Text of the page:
So much time has passed. And I can all too easily imagine the me that stayed in it - a single me, a career-rich me. And I would be good at it- as high or as deep as I wanted. And I would keep myself fully distracted in the whirl.

But I didn't pick that me, I picked this other me. The one that took time off, that had babies. Three of them. The one that built a checkered, confusing career path. Whose husband is rooted and supportive and There, whose children are awe-inspiring. Whose people require her to focus - tight, direct, measured focus - on others. To not succomb to distractions. To slow down. To be.

I medaled this round. And I won. There truly is no place like home. There are no people like My people - my Littles. My Big One. They are too far, for too long. And "away" is not a tenable, desirable state.

Five more days and I am back where I am meant to be.

*referencing, specifically, the corporate world I closed out in January. NOT organizing committee folks here. I know no one in the event world that operates from a default of suspicion and derision - even when jaded, grumpy, and tired. Which we often are.

Friday, February 12, 2010


Between places, now. Here, with There on the other side of a plane ride that, ironically, may be delayed because of snow.

It is snowing. Hard. And Here is Atlanta, and There is Canada. The world in which I am dabbling is the event world, one I moved in smoothly for years, many years back. Enough years past to make me feel really old when spoken of out loud.

Three weeks ago, I left for south Florida to close out the contract I have maintained and prospered from for four years. A falling, flailing, failing company, I was not surprised by the abrupt dismissal by cell phone over Christmas break.

The news was sharply, suspiciously delivered. Gavin had unprofessional, violent ideas for how I should respond. I demurred, ignored his suggestions, and travelled to Florida at their behest to close out the contract, and train my replacement.

Doing so opened this event door, and soon I had tacked on a contract for ten days' worth of work for a certain couple of high-profile football games, also in Florida. That was last week.

The first 2/3 of the trip - in an office, with low-key responsibilities - was torturous. People were suspicious, uncomfortable. The environment breeds self-protection, chilly self-interest. I was training someone to take my job. My every move was projected on a wall. The recipient of my attention was overwhelmed by the information - and humorless. The ten hour days felt eternal.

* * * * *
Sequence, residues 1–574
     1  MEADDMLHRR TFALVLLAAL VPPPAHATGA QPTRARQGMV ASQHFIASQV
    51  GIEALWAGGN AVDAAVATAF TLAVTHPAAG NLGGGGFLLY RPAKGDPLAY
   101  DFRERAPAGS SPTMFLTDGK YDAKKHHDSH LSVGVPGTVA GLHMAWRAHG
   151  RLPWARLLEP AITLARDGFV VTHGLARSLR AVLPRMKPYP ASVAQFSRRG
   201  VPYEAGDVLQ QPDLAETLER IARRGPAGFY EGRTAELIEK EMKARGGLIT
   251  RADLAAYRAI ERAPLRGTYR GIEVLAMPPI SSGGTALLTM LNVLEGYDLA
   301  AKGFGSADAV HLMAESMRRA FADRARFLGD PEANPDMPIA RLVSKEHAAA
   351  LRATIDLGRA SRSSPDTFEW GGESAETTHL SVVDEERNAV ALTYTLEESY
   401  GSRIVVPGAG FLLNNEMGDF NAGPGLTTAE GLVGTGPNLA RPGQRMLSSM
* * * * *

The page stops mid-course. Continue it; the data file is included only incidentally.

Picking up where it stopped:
I would step outside, just to break up the day. Just to breathe air that hadn't already been breathed, filtered, and returned. To get away from darting eyes and the closed tiny room. And the projector.

The final third of the same trip - in parking lots and bus zones, barking into radios and standing in the rain, breathing diesel fumes - was somehow fun. People were, if sometimes overzealous, generally open. The environment breeds openness, requires frequent exchanges of information and instant familiarity. Trust is necessary, and responsiveness rewarded (by systems that work). Humor is critical and within reach. A ten-hour day would be short.

I was driving across a parking lot, on a golf cart, on the prettiest day we had. I had just dropped a cameraman at his car, while running a courtesy golf cart shuttle for media during media day. I felt crazy lucky to be there. And I thought, "who wouldn't love this?" With little effort I thought of ten, twelve people who wouldn't.

There is no glamour in it. It is working in events, yes. But it is operations. It is transportation. Bus zones, parking lots, motor pools. Bus boards, parking permits, driving routes. A perfect day is one in which the people you are moving (or parking or directing) don't notice. And you eat bad box lunches. And you fall into bed after too-long days - and you can't always get the diesel out of your pores.

Years ago, when I first did this, the boyfriend I was leaving behind for the second time, for my second event, gave me an ultimatum. Him or Them. The them he described, pretentiously and unpleasantly as "misfits and malcontents."

Which sounded at least interesting. I picked them.

I met my husband working that last event 14 years ago. His competency was highlighted by his largeness. I had spun out a little, in a job for which I was under-qualified. I hired him to help me get a handle on all the parts. My boss, when he figured out we were dating, said something to the effect of "thank God. He is your rudder."

I will be so glad to be home, when I am home. When this is an adventure in retrospect, when I am at the other side of too-long days and mishaps I can't yet quite imagine. When three weeks in a 'bungalow,' whose online commentary includes one disgruntled visitor's succinct rating of "creepy," are over. When I can again tuck in my Littles. And thank my husband again, in person, for being so tolerant and willing.

But for now, from here - trying to leave Atlanta with three inches of snow on the ground - it sounds fun. I am so pleased to be a part. To have a husband willing to engage in this outrageous six-week single-parenting experiment. To have three more weeks of pay. To wear the uniform, to smile through grit. To be a tiny piece of something so much bigger. And to fit.